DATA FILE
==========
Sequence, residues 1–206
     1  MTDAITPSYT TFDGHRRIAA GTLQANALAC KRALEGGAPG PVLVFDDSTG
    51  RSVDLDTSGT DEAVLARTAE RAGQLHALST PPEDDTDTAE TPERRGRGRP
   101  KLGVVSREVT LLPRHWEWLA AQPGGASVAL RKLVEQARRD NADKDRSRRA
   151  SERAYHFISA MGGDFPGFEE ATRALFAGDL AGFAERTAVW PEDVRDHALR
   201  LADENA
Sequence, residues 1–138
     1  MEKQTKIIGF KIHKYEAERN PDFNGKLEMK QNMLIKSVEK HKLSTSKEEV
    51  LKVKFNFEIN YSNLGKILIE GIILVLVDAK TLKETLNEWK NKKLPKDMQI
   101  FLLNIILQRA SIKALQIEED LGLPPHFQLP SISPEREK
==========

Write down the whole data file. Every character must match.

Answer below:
Sequence, residues 1–206
     1  MTDAITPSYT TFDGHRRIAA GTLQANALAC KRALEGGAPG PVLVFDDSTG
    51  RSVDLDTSGT DEAVLARTAE RAGQLHALST PPEDDTDTAE TPERRGRGRP
   101  KLGVVSREVT LLPRHWEWLA AQPGGASVAL RKLVEQARRD NADKDRSRRA
   151  SERAYHFISA MGGDFPGFEE ATRALFAGDL AGFAERTAVW PEDVRDHALR
   201  LADENA
Sequence, residues 1–138
     1  MEKQTKIIGF KIHKYEAERN PDFNGKLEMK QNMLIKSVEK HKLSTSKEEV
    51  LKVKFNFEIN YSNLGKILIE GIILVLVDAK TLKETLNEWK NKKLPKDMQI
   101  FLLNIILQRA SIKALQIEED LGLPPHFQLP SISPEREK